The eighth Summit of the Americas, a conference that draws together the leaders of North, Central and South America, begins in Lima, Peru, on Friday amid continued political instability throughout the region.
Business leaders are set to convene the first meeting of the summit on Monday morning. The topics to be discussed include Latin America’s economic outlook and recommendations from civil society actors.
As of April 5, at least 20 heads of state had committed to attending the summit.
“We are ready, prepared, and everything is very well organised to welcome the important Heads of State and their delegations,” Peru’s Foreign Affairs Minister Nestor Popolizio said in a press release.
The summit’s theme is “Democratic Governance against Corruption”.
The summit comes during a time of region-wide political instability and change. Peru’s President Martin Vizcarra assumed office on March 23, after former president and billionaire businessman Pedro Pablo Kuczynski resigned due to numerous scandals throughout his short presidency.
The Odebrecht bribery scandal was among the scandals that marred Kuczynski’s tenure. Odebrecht is a Brazilian construction company behind the 2014 world cup in Brazil, the 2016 Olympic Games in the same country, Caracas, Venezuela’s metro system and numerous other projects across the continent, as well as Portugal, Mozambique and Angola.
Odebrecht has reportedly admitted to bribing politicians throughout the region with payments numbering in the hundreds of millions of dollars.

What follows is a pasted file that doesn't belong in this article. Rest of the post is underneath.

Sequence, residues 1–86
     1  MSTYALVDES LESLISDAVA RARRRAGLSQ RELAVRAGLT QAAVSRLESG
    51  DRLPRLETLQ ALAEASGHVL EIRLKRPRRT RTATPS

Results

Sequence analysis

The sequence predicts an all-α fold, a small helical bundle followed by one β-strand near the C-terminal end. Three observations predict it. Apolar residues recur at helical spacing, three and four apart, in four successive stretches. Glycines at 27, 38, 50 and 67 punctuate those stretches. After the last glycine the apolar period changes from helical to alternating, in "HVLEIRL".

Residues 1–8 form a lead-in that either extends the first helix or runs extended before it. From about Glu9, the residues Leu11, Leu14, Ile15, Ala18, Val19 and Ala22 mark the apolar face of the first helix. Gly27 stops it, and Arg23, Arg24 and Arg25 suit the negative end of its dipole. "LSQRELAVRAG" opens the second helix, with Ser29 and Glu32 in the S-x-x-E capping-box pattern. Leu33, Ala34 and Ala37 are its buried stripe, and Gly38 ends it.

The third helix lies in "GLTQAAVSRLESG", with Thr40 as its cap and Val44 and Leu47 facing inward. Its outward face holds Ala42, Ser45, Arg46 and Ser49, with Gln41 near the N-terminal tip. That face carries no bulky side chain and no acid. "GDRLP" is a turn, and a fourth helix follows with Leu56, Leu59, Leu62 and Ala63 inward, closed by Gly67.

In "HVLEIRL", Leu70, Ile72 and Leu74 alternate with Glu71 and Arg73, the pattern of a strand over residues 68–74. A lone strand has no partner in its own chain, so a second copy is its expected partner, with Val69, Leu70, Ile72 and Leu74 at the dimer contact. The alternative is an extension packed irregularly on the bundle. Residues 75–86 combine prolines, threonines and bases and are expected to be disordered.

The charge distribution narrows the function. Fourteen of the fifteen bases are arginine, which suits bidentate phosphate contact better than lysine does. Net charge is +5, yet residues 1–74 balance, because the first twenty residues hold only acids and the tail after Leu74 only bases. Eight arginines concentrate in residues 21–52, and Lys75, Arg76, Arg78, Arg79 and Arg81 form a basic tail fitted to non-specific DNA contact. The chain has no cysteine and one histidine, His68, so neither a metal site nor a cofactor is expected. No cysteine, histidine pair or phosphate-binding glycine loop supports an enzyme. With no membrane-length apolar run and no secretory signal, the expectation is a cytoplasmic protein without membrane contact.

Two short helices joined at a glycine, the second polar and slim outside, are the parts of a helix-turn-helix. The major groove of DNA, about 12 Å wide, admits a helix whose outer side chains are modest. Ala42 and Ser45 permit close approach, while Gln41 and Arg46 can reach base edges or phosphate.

Kuczynski was accused of lying about payments received from the firm in the mid-2000s.
Petrobras, Brazil’s state-controlled petroleum firm, has its own multimillion-dollar graft scheme that allegedly involved officials taking bribes to award construction contracts to companies at inflated rates.
Former President Luiz Inacio Lula da Silva, commonly called Lula turned himself into police on April 7 after a dramatic standoff with police. The Supreme Court denied a request from Lula to avoid beginning his 12-year jail sentence while he exhausted all of his appeals over a corruption conviction.
Lula, a left-wing populist, still has a strong base of support in Brazil, which is currently headed by a right-wing government. He had hoped to run for president during October’s elections.
Over the past two years, there have been further protests and political battles in Ecuador, Argentina, Bolivia and Mexico.
Trouble north of the border
US President Donald Trump was expected to attend the summit, but cancelled on Tuesday, citing developments in Syria.
Mexico, along with Central American states El Salvador and Honduras, have enjoyed strained relations with the US since Trump assumed office in January 2017.
The Trump administration initiated a crackdown on undocumented immigrants from Latin America, – especially Mexico and Central America countries – living in the US. Trump has also repeatedly called for a wall along the US-Mexico border.
Last week, the Trump administration announced it would send 500 National Guard troops to the border, and several states have pledged to send more.
Venezuela will hold snap presidential elections in May. Several Latin American governments have said they won’t recognise the election after the main opposition coalition was barred from running in January.
Venezuelan President Nicolas Maduro was not invited to the summit but has said he will attend.
The Trump administration is in the middle of renegotiations of the North American Free Trade Agreement, which opened trade between Canada, Mexico and the US.
The Trump administration is currently in talks to change aspects of the agreement to better favour US businesses. Trump told US officials on April 5 he expects a deal to be reached “soon”.